Hue Jackson gets the big picture surrounding the national anthem demonstrations in the NFL more fully than 99 percent of the people who have said or written about it in the past year.
The Cleveland Browns coach was right to point out using the Star-Spangled Banner and the American flag as vehicles of protest has steered the coverage and discussions off course consistently since the first time anyone noticed Colin Kaepernick was trying to do so last year.
That continued Monday night when the headlines were all about players making a gesture rather than what the gesture was about.
There's a big difference between getting to the substance of an issue in the first sentence rather than the second, especially in this day and age dominated by people getting much of their info by skimming headlines and tweets.
(Because who wants to wait any longer then they have to before getting their rage on?)
The gesture clearly angers a lot of people who are otherwise (or at least might become) sympathetic to the players’ messages regarding equality and police brutality.
Many have said repeatedly they support the right to protest but disagree with the method.
Like Jackson, they see the flag representing military sacrifices and the anthem as a time to reflect on them.
“I think everybody has a right to [protest], and I get it, but the national anthem means a lot to myself personally, the organization and our football team,” Jackson said early last week. “I haven’t really talked to our team about it. I would hope that we don’t have those issues.”
This isn’t an entirely new stance from someone in the football world, but it hasn’t been talked about much.
Jim Brown was an exception last year.
The Hall of Famer told NFL Network he supported Kaepernick 100 percent but wouldn’t follow his course of action.
“Now if you ask me ‘Would I do that?’ No I won’t, because I see it a little differently. I’m an American citizen, I pay my taxes, I want my equal rights but this is my country, and consequently I don’t want to open up for ISIS or anybody that will take away what we’ve already gained.”
Later in statements to the Syracuse football team, he warned of unintended consequences of the protests.
“When you think of the sacrifices our firefighters make, think about the service of soldiers in foreign lands and listen to their lives, you have to be careful that whatever you do, don’t cast a shadow on what these great people do.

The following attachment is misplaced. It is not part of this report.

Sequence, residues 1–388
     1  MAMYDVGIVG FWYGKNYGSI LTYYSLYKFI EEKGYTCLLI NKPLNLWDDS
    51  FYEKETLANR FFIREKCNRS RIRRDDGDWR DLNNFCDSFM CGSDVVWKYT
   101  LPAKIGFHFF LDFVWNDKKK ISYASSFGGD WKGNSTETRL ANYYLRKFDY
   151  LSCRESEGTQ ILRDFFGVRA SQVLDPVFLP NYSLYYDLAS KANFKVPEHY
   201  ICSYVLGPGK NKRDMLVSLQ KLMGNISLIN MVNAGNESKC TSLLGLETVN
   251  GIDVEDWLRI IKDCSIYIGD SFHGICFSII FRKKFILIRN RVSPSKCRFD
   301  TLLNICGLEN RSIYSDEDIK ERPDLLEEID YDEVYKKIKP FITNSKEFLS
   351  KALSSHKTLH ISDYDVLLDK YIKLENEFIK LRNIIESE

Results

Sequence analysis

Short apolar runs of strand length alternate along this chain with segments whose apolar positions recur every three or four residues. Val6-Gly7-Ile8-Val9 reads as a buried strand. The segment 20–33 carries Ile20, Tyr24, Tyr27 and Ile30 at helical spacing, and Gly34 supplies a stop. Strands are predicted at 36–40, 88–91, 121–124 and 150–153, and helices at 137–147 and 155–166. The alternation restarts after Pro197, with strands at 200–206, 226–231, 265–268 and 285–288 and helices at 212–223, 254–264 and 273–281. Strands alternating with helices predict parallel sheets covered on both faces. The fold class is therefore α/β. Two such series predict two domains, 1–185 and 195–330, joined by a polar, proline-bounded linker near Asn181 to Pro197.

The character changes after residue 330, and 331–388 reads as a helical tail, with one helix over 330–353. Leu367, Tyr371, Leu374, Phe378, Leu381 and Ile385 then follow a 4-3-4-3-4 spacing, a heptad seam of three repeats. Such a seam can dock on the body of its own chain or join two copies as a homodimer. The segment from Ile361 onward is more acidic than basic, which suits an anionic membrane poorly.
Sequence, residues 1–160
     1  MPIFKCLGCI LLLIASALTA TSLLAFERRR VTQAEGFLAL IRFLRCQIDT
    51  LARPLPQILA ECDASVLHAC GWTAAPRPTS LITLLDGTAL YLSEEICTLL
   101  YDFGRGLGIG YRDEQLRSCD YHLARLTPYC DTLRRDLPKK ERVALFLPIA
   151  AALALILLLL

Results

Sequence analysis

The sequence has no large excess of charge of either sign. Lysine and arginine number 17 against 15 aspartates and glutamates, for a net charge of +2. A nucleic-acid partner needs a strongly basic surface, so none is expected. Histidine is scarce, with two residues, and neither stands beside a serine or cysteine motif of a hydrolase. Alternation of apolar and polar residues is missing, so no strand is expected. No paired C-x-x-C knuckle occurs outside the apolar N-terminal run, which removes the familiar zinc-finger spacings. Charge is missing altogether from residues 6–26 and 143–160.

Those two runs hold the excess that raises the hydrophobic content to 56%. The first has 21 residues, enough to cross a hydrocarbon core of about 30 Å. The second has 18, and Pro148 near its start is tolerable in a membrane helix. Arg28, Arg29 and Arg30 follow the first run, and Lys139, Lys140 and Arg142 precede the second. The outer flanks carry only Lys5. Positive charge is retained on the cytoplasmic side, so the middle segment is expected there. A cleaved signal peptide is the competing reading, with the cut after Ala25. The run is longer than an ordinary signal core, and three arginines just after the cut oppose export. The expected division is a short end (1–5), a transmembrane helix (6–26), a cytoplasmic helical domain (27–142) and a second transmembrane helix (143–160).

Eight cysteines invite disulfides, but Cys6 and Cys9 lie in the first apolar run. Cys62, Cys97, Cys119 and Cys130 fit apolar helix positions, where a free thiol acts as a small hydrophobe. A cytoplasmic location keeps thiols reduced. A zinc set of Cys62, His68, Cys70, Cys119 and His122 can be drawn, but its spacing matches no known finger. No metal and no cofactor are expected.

“They make sure you have the right so speak out without retaliation, or at least no retaliation other than other people criticizing you.”
This might muddy the narrative for some, but ignoring or rejecting such sentiment (as nearly all media coverage has) is foolish — at least if we’re more interested in getting the players’ message across than grandstanding about it.
Jackson could have worded his first comments better, but he later went more in-depth into what he meant.
“My personal feeling is that over the last season, we've seen players come under unfair scrutiny for protesting during the anthem, mainly because the focus has become on whether or not a player is being disrespectful to the flag or military and not on the issue and cause attempting to be addressed by the protest.”
This is of course exactly what happened before, happened again last night and is happening this morning.
The Browns coach also noted his players already have a platform for expressing themselves to the public.
Reporters wander through NFL locker rooms looking to stick a mic and a camera in the face of anyone willing to talk (and some who aren’t) nearly every day in training camp and regularly throughout fall, spring and early summer.
There's also social media, The Players Tribune and even an old-fashioned op-ed in a newspaper, so finding a platform was never going to be an issue.
Fan reaction aside, involving the anthem and the flag has contributed to the generally woeful coverage of the whole affair while giving cynics and the faux-enlightened another excuse to cast aspersions on people who disagree with them about this and related topics.
That, of course, just makes discourse worse and further divides people.
So for whatever confusion Jackson created at the start, I'm glad he expressed himself. That needed to be said.
I'm also encouraged the players felt comfortable taking action after there were concerns their coach was repressing free expression.
Like Jackson, I support their right to do that whenever and wherever they want — even if I still think were mostly getting in their own way Monday night.
Just like their coach said they would.